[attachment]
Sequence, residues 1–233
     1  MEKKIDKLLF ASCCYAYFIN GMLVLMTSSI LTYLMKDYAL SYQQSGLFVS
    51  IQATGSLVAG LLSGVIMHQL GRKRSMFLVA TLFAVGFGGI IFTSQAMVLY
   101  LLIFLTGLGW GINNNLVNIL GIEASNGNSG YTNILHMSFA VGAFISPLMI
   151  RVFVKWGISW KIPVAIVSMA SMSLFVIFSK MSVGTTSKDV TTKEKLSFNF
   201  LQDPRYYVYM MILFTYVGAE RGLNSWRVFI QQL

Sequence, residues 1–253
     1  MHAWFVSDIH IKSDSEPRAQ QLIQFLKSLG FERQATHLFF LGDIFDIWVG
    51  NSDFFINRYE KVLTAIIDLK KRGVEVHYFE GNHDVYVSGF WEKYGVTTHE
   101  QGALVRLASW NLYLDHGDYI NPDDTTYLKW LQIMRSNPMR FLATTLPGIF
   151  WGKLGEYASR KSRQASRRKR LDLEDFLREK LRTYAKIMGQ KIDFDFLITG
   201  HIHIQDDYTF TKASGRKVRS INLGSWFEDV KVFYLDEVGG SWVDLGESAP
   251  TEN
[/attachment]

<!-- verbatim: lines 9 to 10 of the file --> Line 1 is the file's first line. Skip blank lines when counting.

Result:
    51  NSDFFINRYE KVLTAIIDLK KRGVEVHYFE GNHDVYVSGF WEKYGVTTHE
   101  QGALVRLASW NLYLDHGDYI NPDDTTYLKW LQIMRSNPMR FLATTLPGIF